This system would not depend on hydrophobic or hydrophilic surfaces.
A proposed system would perform multiple coordinated functions in regulating the pressure of the oxidant gas (usually, pure oxygen) flowing to a fuel-cell stack and in removing excess product water that is generated in the normal fuel-cell operation. The system could function in the presence or absence of gravitation, and in any orientation in a gravitational field.
Unlike some prior systems for removing product water, the proposed system would not depend on hydrophobicity or hydrophilicity of surfaces that are subject to fouling and, consequently, to gradual deterioration in performance. Also unlike some prior systems, the proposed system would not include actively controlled electric motors for pumping; instead, motive power for separation and pumping away of product water would be derived primarily from the oxidant flow and perhaps secondarily from the fuel flow. The net effect of these and other features would be to make the proposed system more reliable and safer, relative to the prior systems.
The proposed system (see figure) would include a pressure regulator and sensor in the oxidant supply just upstream from an ejector reactant pump. The pressure of the oxidant supply would depend on the consumption flow. In one of two control subsystems, the pressure of oxidant flowing from the supply to the ejector would be sensed and used to control the speed of a set of a reciprocating constant-displacement pump so that the volumetric flow of nominally incompressible water away from the system would slightly exceed the rate at which water was produced by the fuel cell(s).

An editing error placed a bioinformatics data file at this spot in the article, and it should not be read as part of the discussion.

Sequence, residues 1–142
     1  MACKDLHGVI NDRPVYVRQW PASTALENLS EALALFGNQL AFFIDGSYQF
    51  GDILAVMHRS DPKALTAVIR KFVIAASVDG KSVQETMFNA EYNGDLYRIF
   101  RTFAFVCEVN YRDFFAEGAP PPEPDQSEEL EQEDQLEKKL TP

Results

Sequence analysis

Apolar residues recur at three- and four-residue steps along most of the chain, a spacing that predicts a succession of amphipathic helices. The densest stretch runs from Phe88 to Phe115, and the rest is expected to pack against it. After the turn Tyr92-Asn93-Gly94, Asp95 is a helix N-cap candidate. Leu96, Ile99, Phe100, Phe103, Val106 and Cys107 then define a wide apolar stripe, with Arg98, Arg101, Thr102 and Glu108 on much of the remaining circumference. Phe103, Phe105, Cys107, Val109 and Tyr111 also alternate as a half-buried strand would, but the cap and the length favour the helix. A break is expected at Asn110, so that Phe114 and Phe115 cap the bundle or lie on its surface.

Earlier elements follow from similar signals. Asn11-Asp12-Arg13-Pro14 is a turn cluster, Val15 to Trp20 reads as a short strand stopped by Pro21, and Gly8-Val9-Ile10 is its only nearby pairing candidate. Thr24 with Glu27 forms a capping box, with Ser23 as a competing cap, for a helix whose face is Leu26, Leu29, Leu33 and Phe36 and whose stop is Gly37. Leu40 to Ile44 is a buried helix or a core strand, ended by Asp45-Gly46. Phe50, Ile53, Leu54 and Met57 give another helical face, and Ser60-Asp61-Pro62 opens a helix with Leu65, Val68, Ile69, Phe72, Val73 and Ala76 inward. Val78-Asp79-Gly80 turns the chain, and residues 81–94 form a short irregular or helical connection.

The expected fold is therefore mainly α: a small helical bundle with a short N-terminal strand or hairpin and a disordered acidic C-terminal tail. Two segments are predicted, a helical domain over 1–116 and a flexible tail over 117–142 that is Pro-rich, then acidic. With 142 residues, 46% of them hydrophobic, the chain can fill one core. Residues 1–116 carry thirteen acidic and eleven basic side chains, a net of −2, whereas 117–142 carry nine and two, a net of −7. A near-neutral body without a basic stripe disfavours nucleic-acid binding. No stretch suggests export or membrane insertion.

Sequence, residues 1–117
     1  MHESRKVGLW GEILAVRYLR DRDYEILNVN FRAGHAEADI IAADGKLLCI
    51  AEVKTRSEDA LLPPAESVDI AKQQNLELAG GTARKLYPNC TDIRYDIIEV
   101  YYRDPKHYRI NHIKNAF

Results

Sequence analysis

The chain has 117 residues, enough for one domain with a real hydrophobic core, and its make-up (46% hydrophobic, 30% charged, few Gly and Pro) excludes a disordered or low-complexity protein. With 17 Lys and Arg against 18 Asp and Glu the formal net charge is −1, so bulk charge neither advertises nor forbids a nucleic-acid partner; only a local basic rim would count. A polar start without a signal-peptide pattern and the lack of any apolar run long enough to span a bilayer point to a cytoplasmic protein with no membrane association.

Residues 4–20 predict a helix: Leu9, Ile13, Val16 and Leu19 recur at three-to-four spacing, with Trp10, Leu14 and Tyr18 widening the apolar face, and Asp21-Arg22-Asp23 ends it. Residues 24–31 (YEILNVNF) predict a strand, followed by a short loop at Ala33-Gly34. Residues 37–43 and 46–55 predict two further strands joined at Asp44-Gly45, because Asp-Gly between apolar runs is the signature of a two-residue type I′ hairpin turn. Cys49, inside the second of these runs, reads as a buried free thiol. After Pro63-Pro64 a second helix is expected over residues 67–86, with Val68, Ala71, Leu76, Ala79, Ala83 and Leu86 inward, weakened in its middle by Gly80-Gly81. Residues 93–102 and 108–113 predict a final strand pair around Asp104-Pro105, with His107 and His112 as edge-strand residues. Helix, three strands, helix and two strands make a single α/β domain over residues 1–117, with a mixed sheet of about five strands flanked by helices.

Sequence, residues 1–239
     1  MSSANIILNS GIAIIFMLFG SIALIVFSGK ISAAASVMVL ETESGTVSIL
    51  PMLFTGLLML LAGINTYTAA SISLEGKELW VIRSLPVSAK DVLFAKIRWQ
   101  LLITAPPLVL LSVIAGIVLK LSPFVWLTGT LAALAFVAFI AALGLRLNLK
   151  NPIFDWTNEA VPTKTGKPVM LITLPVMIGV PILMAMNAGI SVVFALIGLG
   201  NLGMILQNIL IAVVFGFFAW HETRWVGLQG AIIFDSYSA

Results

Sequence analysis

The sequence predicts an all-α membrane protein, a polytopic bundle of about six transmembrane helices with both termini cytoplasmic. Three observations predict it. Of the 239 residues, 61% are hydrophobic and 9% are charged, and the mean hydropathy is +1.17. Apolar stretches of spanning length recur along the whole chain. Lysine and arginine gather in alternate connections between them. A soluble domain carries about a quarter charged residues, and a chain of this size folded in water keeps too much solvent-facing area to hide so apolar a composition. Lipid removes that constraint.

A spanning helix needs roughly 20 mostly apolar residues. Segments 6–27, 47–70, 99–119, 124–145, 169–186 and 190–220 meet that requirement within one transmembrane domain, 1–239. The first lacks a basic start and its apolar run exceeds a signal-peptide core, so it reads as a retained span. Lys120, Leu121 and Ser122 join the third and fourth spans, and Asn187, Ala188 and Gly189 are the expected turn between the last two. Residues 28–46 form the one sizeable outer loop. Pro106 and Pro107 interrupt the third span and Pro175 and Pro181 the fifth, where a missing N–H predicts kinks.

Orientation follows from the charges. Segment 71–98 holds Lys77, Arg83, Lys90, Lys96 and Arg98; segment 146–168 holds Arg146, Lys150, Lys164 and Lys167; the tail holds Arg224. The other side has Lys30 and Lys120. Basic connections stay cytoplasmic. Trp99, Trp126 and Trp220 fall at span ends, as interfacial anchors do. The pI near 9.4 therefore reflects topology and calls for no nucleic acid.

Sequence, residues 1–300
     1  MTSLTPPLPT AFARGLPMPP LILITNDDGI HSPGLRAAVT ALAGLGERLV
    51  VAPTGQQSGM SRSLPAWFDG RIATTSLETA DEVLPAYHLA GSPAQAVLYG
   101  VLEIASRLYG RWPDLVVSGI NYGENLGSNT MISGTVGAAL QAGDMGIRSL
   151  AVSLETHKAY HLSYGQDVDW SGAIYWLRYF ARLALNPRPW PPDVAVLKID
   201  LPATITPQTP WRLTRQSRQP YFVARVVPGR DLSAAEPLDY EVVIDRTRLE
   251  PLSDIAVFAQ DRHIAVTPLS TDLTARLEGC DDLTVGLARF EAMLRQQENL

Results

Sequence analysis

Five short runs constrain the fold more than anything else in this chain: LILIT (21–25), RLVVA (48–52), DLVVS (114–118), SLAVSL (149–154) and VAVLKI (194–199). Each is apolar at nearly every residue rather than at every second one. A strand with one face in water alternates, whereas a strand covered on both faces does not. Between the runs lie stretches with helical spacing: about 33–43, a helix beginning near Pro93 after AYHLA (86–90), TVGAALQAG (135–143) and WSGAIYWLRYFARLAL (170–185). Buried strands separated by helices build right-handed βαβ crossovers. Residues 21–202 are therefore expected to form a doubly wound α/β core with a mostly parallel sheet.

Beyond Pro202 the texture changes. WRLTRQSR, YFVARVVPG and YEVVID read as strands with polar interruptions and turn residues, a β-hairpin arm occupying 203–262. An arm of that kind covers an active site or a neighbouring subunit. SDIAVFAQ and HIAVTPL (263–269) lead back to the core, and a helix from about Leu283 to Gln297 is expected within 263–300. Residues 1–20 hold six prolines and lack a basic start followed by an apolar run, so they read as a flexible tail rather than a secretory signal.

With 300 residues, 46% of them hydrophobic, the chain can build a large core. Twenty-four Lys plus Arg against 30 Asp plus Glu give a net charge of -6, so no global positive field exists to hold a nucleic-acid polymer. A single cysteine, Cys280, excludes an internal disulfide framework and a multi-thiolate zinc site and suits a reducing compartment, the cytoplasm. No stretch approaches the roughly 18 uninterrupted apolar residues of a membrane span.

The two-phase (gas/liquid water) outlet stream from the fuel cell(s) would enter the water separator, a turbine-like centrifugal separator machine driven primarily by the oxidant gas stream. A second control subsystem would utilize feedback derived from the compressibility of the outlet stream: As the separator was emptied of liquid water, the compressibility of the pumped stream would increase. The compressibility would be sensed, and an increase in compressibility beyond a preset point (signifying a decrease in water content below an optimum low level) would cause the outflow from the reciprocating pump to be diverted back to the separator to recycle some water.
This work was done by Arturo Vasquez, Kerri McCurdy, and Karla F. Bradley of Johnson Space Center.
This invention is owned by NASA, and a patent application has been filed. Inquiries concerning nonexclusive or exclusive license for its commercial development should be addressed to the Patent Counsel, Johnson Space Center, (281) 483-0837.
Refer to MSC-23668.